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Beauty of Phnom Penh and its surrounding


A stone's throw away from the Tonle Sap is the royal Palace built on the site of the Banteay Kev, a citadel built in 1813.

The Palace grounds contain several buildings: the Throne Room or Prasat Tevea Vinichhay which is used for the coronation of kings, official receptions and traditional ceremonies; the Chan Chhaya Pavilion

which is a venue for dance performances; the king's official residence called the Khemarin; the Napoleon Pavilion and the spectacular Silver Pagoda. It owes its name to the 5,000 silver tiles weighing 1kg each which cover the entire floor. The emerald Buddha sits on a pedestal high atop the dias. In front of the dias stands a life-size Buddha made of solid gold and weighs 75kg. It is decked with precious gems including diamonds, the largest of which is 25 carats. Also on display are the coronation apparel and numerous miniature Buddha in gold and silver.

Wat Phnom Daun Penh

If you are observant enough, you may find names of "Phnom Penh" and Wat "Phnom" share some common words. Yes. The capital city's name of Phnom Penh of Cambodia is more or less interrelated with a small hill-top Cambodian temple of Wat Phnom with "Wat Phnom Daun Penh" in its full name.

Wat means temple. Phnom, in native Khmer is equivalent to a "hill"; so, most people referred it as hilltop temple or a temple on the hill. The temple's location on this greenery hill is also the highest spot in the capital city but the hill was actually a man-made formation.

The legend said a wealthy widow lady whom the local affectionately referred her as Grandma (or Madam) Daun Penh who was settled on a high land at the west river bank of Sap River had uncovered four bronze and one stone Buddha statues inside a hole of a floating big Koki tree down from upstream which hit her compound during high flooding season; in respect of the belief, she thought it was a good omen and has decided Lord Buddha should be placed over the ordinary, hence, she ordered her people to piled up earth to create a man-made hill and used the original Koki tree trunk to construct a small temple on top to house the discovered Buddha statues and that was how the original shrine was constructed.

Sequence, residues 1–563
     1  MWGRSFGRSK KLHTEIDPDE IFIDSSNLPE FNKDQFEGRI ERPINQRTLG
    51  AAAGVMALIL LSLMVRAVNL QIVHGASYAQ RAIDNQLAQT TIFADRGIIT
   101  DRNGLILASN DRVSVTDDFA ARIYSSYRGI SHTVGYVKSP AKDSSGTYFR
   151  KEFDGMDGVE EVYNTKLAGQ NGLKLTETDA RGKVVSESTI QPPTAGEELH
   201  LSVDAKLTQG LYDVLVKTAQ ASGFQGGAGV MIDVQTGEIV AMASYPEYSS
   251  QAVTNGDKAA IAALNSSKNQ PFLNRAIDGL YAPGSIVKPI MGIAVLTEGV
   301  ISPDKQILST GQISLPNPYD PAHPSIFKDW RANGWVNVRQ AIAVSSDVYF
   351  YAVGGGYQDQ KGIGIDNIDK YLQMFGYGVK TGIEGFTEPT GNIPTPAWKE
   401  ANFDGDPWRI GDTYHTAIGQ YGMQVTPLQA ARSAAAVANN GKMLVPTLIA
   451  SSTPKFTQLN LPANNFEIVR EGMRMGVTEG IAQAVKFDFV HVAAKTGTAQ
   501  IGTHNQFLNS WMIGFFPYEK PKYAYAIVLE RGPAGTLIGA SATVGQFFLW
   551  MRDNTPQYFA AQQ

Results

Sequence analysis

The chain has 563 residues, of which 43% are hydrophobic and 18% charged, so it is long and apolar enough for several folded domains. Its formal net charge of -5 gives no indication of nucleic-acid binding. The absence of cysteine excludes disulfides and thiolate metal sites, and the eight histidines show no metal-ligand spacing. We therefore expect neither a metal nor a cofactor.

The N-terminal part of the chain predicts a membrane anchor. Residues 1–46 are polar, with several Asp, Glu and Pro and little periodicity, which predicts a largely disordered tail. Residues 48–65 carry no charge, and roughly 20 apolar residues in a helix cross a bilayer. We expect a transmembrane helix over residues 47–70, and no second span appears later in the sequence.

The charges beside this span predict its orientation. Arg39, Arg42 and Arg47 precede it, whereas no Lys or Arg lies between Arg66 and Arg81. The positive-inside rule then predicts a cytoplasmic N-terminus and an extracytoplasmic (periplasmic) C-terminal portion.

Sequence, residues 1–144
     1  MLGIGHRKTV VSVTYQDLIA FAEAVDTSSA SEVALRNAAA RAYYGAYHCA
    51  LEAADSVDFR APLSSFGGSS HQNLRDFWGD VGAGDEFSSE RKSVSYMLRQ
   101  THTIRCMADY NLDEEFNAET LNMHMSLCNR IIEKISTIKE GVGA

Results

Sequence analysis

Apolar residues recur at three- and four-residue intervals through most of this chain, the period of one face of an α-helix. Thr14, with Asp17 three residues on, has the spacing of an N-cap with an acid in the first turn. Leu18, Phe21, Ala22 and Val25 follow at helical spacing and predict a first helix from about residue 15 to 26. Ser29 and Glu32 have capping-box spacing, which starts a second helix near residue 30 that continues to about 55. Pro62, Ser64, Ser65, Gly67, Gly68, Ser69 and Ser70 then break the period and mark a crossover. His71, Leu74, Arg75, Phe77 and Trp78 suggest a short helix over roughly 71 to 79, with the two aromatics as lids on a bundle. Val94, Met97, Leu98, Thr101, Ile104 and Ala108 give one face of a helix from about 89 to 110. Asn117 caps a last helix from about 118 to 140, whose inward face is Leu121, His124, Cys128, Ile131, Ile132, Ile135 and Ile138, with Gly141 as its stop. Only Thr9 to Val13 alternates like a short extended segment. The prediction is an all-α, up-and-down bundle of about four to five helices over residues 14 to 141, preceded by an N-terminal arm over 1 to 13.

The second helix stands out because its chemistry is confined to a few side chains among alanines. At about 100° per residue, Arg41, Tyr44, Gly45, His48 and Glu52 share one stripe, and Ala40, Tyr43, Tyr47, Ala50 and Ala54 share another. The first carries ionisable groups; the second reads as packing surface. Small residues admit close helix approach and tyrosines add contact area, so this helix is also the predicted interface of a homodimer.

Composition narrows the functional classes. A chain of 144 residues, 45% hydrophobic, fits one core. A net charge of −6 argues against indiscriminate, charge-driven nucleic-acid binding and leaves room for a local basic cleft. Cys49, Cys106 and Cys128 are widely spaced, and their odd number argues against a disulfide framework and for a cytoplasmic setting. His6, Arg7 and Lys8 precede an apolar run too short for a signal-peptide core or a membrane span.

Phnom Penh Markets

Phnom Penh is located at the confluence of three rivers - the Mekong, the Bassac and Tonle Sap. The city is divided into three sections - the north, an attractive residential area; the south or the French part of the city with its ministries, banks and colonial houses; and the centre or the heart with its narrow lanes, markets, foods stalls and shops.

Over the past years, the city has undergone tremendous changes - businesses are springing up constantly and tourism is once again booming. Phnom Penh has managed to retain its charm and character.

A visit to the markets and market halls is a must as they give an opportunity to be acquainted with the country's local produce and also to buy textiles, antiques, gold and silver jewellery.

The four wings of the yellow coloured Central Market are teeming with numerous stalls selling gold and silver jewellery, antique coins, clothing, clocks, flowers, food, fabrics, shoes and luggage. For some good paintings or if you prefer antiques, head from the

The National Museum

The National Museum has a good collection of Khmer sculptures dating from the pre-Angkor period (4th century) to post-Angkor period (14th century).

Toul Sleng Museum

In 1975,Tuol Svay Prey High School was taken over by Pol Pot's security force and turned into a prison known as Security Prison 21 (S-21). It soon became the largest such centre of detention and torture in the country. S-21 has been turned into the Tuol Sleng Museum, which serves as a testament to the crimes of the Khmer Rouge.

Kirirom National Park

Initially established as a holiday resort and tourist city in 1945, the area was named Kirirom namely "Mountain of joy" by the King at the suggestion of a monk from Phnom Penh. A hill of 700m covers an area of 35,000 hectares, located 88 km from Phnom Penh.

This beautiful national park area was once a favorite resort for the influential, the powerful and wealthy and a retreat for King Sihanouk himself in the 1960’s.

There are not many types of larger wildlife in evidence on Kirirom, but it is an ideal spot to glimpse some of the Kingdom's unique birdlife and birdwatchers even come from overseas to visit.



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